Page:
Yesterday was pick-up day! It was a long, and exhausting but the kit is in the garage, and its time to start organizing and getting ready to start building the car! My parents happen to be in town this weekend, which was nice because they could come down and visit Factory Five and see the car kit, as well. 160 pictures were taken, a few of them I uploaded.
For a more detailed description of the day, read more of this posting, or you can go into the ReplicaBuilding.com photos section to see more of the pictures.
The Trip Down
We’re only an hour and a half or so from Factory Five, but we wanted to get an early start to the day. My parents just got in on Thursday night and were still a bit jetlagged, so getting up at six so we could leave at 7:30 was not so easy! The plan was to drive about 20 miles south and pick up the UHaul trailer, since none of the local UHaul places had any of the 12′ trailers available. The pickup of the trailer was uneventful — we got there at 8, and were back on the road!
No problem. Its 8:15ish, and we have pleanty of time to get to Factory Five to meet Jen’s father there at 9:30. No problem. In fact, my Mom decided she should blow up her travel pillow and take a nap.
Well, except that a couple of people had bad days yesterday. But as a result, we learned a few lessons. The first lesson we learned is “do not rear end a box truck”. In case any readers plan on doing so at some point, try to do it on a road with a breakdown lane. Unfortunately someone didn’t follow that advice…
Ah, no wonder we sat stuck in traffic for ten or fifteen minutes. No problem, we can make the time up. Sure the trailer SAYS 45mph limit on it, but we all know 80 is just fine…
Well, a half hour later someone else decides to have a bad day. This was rather spectacular because it happened only a few hundred feet in front of us. This incident could be subtitled “How They Don’t Teach Driving in the U.S.”. A guy and his girlfriend were taking a nice Saturday drive in their truck, pulling a big flatbed with another big pickup truck on it. Apparently this guy was never taught basics of vehicle dynamics because his trailer started to wobble back and forth a bit, and he fought with it with steering input. As his steering input made it worse, he decided brakes were the way to go. A bit of a severe wobble turned into a jackknife, a tandem spinout and… *drumroll*… a flatbed with a truck firmly strapped to it solidly upside down sideways blocking the entire highway.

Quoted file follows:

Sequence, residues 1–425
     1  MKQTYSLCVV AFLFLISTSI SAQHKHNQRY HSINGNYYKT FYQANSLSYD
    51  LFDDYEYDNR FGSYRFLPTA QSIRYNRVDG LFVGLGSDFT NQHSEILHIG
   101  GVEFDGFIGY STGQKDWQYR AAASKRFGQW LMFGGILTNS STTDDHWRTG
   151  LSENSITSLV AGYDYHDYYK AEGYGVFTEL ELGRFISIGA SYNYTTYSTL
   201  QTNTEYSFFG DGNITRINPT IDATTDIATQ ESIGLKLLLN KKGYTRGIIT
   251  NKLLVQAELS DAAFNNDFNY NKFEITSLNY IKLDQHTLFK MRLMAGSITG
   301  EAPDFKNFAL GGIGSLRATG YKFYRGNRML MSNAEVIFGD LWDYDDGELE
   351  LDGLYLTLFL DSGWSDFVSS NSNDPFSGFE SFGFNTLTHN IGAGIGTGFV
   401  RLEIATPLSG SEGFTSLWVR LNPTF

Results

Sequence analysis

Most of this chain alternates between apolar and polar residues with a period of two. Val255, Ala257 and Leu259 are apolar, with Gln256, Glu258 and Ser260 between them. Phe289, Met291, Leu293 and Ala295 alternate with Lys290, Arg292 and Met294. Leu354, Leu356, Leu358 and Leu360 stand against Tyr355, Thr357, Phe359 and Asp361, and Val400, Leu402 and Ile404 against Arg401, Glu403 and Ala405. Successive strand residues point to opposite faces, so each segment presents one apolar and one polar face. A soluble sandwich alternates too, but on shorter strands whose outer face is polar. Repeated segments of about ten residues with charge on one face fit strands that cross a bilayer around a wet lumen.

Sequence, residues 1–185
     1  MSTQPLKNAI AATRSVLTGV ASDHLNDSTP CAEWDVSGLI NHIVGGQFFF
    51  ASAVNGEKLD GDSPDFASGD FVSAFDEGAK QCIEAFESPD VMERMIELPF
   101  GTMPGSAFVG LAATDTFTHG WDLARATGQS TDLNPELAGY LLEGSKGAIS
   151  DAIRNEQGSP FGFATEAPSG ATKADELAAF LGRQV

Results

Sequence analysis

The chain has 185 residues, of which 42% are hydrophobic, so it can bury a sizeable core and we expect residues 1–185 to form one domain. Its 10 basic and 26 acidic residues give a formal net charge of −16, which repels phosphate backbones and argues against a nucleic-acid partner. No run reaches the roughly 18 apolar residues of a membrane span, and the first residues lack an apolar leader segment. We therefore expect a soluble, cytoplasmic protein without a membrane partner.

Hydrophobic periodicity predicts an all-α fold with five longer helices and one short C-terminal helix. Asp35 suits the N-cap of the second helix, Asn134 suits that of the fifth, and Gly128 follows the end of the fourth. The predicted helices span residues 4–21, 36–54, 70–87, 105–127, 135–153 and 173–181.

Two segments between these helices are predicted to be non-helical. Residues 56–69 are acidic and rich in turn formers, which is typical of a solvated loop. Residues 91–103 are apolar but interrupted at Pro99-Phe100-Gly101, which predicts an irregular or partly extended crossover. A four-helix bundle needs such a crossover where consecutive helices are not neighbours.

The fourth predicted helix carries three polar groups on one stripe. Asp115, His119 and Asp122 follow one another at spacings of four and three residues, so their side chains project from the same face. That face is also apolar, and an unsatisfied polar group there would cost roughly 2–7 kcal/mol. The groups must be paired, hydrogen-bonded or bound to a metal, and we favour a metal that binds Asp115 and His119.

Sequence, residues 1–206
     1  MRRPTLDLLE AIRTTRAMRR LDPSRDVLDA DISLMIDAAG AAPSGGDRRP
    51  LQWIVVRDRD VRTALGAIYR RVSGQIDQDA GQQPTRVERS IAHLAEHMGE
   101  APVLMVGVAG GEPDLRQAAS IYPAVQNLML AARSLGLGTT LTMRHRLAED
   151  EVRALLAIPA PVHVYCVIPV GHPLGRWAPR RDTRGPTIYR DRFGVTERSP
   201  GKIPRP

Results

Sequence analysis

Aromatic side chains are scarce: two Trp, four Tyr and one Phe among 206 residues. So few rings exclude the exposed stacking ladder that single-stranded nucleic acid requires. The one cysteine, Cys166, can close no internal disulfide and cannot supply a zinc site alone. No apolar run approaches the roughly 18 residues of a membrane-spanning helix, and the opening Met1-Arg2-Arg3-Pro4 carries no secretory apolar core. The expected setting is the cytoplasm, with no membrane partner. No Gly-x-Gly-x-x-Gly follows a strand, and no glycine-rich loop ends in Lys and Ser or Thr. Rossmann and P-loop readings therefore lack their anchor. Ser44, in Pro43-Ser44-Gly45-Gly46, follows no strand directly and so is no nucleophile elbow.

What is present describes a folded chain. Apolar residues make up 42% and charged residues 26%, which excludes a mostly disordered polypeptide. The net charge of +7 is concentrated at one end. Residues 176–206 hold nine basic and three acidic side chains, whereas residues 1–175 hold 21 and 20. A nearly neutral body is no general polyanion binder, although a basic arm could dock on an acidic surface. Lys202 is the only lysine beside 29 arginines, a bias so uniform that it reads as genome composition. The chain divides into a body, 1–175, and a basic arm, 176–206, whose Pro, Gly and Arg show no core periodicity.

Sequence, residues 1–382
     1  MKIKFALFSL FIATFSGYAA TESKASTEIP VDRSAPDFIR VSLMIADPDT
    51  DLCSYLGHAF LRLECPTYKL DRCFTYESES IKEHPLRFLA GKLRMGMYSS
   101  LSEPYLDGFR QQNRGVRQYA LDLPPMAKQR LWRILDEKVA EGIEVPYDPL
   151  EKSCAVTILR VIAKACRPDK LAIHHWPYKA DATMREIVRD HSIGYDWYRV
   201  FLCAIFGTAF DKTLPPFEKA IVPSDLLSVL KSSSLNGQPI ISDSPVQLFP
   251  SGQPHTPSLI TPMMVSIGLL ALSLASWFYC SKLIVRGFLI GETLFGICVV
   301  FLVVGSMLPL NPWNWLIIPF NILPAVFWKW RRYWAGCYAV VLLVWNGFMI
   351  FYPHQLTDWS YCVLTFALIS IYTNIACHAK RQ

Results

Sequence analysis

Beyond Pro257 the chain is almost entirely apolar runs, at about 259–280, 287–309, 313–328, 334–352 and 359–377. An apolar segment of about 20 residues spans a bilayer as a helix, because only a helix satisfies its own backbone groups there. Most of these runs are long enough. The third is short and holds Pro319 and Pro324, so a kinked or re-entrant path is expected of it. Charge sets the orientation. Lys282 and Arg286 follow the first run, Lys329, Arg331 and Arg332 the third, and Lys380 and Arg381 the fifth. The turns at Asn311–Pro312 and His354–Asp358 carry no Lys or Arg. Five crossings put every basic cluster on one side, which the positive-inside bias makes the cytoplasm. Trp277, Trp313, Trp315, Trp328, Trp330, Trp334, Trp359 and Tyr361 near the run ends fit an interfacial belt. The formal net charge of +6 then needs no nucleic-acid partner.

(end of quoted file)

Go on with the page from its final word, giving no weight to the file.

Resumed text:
It was really quite the spectacular wreck. Car parts went everywhere, an explosion of glass. No one hurt, thankfully… the carnage was limited to the truck and trailer and a bit of a crunch of the back of another car which presumably may have triggered whatever led to the initial wobbling.
This was a day-killing event — the wreckage was so complete and extensive, the highway was going to be closed for hours. Thankfully we were only three cars back from it and a few wise people thought to squeeze by before the Staties showed up and closed the highway.
*whew*, on the road again. Only lost another 15 minutes. Off to Factory Five!
In the rear view mirror, the carnage was apparent…
Ah, Factory Five. This was my fourth time visiting, and the second time in three weeks. For those of you who haven’t been there, its really worth a visit. There are racks upon racks of kits ready to go out the door. In fact, I really recommend it when one of them happens to be yours. Seeing it pulled off the rack is really quite thrilling. Its also amazing to watch the forklift jockeys gingerly pulling the cars out and down from the racks. Mine was up pretty high.
Ah yes, it was in fact mine!